- Fluctuation solution theory relates derivatives of the thermodynamic properties to spatial integrals of the direct correlation functions. This formalism has been used as the basis for a model of aqueous strong electrolyte solutions which gives both volumetric properties and activities. The main thrust of the work has been the construction of a microscopic model for the direct correlation functions. This model contains the correlations due to the hard core repulsion, long range field interactions, and short range forces. The hard core correlations are modeled with a hard sphere expression derived from the Percus-Yevick theory. The long range field correlations are accounted for by using asymptotic potentials of mean force and the hypernetted chain equation. The short range correlations which include hydration and hydrogen bonding are modeled with a density expansion of the direct correlation function. The model requires six parameters for each ion and two for water. The ionic parameters are valid for all solution and those for water are universal. The model has been used to calculate derivative properties for six 1:1 electrolytes in water at 25c, 1 ATM, the calculated properties have been compared to experimentally determined values in order to confirm the adequacy of the model.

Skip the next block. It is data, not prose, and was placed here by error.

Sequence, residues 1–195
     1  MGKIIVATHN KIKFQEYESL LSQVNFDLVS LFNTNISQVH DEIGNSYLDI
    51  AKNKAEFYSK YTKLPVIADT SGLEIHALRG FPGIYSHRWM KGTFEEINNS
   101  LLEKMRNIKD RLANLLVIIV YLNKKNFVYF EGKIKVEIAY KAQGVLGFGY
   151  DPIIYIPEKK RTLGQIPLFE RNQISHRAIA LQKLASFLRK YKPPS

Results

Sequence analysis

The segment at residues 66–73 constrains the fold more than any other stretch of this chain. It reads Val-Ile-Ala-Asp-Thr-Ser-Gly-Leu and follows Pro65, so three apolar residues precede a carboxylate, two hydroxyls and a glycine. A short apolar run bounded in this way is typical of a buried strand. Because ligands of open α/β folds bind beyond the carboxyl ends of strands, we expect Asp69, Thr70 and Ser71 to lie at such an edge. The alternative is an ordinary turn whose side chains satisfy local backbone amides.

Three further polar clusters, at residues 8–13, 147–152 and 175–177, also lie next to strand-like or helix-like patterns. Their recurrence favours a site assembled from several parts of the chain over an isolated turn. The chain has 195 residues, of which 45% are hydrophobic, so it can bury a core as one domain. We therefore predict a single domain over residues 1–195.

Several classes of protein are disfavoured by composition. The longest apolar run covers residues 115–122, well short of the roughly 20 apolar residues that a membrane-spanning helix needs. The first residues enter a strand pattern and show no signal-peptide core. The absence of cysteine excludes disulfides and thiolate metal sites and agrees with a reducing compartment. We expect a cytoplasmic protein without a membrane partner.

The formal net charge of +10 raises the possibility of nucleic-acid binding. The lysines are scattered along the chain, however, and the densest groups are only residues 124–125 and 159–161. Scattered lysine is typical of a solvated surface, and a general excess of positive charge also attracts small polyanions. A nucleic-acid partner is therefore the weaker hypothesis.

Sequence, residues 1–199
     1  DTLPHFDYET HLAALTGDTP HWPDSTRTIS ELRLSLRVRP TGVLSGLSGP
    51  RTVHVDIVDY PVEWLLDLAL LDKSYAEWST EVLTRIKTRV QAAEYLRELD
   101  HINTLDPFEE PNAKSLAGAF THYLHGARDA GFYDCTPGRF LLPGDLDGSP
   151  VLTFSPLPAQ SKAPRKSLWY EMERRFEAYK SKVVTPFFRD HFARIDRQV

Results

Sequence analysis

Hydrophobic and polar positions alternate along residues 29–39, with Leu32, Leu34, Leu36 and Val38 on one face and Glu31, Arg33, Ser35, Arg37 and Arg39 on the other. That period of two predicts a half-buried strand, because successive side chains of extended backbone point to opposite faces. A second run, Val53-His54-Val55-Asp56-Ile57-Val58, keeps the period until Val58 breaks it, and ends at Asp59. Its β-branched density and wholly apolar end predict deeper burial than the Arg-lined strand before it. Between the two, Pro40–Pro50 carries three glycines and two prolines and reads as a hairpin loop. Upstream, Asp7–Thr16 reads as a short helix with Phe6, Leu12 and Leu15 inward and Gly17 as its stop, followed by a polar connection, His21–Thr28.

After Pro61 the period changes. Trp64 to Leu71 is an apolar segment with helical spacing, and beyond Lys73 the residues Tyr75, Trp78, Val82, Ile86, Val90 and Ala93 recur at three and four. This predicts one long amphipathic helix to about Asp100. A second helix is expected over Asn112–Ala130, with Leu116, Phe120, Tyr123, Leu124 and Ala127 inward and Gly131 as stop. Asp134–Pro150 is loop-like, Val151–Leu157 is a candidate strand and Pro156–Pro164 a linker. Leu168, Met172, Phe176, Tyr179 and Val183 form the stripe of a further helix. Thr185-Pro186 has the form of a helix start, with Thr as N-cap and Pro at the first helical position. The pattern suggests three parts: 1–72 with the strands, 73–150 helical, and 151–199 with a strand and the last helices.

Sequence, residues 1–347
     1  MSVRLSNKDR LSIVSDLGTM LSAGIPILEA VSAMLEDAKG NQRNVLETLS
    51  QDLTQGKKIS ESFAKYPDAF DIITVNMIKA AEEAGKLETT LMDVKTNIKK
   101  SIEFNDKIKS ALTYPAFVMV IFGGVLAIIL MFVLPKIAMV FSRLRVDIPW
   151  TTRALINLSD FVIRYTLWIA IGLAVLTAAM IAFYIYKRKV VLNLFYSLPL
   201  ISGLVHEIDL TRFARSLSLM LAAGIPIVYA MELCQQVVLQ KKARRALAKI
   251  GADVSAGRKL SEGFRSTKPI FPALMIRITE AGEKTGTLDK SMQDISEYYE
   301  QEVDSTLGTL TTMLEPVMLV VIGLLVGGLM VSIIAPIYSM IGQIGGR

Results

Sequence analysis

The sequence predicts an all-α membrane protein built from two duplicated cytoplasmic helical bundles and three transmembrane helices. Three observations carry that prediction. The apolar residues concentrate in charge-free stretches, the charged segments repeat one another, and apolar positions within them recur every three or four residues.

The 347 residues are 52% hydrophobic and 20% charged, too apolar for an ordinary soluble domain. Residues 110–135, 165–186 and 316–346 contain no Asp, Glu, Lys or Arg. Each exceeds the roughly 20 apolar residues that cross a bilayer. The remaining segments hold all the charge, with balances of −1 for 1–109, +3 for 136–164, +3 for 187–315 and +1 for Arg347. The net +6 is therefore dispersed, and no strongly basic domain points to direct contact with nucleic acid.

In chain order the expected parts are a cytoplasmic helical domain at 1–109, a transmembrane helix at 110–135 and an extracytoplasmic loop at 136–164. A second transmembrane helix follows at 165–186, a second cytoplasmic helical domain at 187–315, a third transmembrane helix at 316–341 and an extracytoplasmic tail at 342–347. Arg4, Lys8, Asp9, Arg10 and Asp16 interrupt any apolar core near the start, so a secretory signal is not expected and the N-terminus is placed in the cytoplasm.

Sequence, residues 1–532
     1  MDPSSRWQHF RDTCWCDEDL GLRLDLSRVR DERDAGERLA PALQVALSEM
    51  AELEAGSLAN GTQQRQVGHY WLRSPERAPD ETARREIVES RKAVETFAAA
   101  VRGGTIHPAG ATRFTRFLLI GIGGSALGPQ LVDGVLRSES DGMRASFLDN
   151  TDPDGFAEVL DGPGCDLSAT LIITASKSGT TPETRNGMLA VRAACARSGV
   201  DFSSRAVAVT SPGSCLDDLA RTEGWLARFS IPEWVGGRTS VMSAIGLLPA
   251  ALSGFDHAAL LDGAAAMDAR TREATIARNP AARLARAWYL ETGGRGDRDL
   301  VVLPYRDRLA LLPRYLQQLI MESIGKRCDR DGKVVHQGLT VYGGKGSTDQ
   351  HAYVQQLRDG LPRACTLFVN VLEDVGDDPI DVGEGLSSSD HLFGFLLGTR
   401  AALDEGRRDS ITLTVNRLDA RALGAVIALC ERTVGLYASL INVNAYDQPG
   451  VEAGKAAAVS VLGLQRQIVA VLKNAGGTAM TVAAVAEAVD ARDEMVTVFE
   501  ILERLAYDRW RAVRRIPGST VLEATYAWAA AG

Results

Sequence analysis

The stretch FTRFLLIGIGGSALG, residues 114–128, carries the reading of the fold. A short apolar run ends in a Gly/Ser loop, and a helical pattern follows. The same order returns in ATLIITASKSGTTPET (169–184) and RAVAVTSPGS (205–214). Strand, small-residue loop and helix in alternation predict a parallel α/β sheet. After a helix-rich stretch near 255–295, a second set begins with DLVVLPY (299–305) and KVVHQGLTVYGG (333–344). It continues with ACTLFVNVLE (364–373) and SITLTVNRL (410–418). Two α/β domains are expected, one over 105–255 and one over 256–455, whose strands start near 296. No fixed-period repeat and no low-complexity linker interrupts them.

- Thesis:
- Thesis (Ph. D.)--University of Florida, 1985.
- Bibliography:
- Bibliography: leaves 188-192.
- General Note:
- Typescript.
- General Note:
- Vita.
- Statement of Responsibility:
- by Heriberto Cabezas, Jr.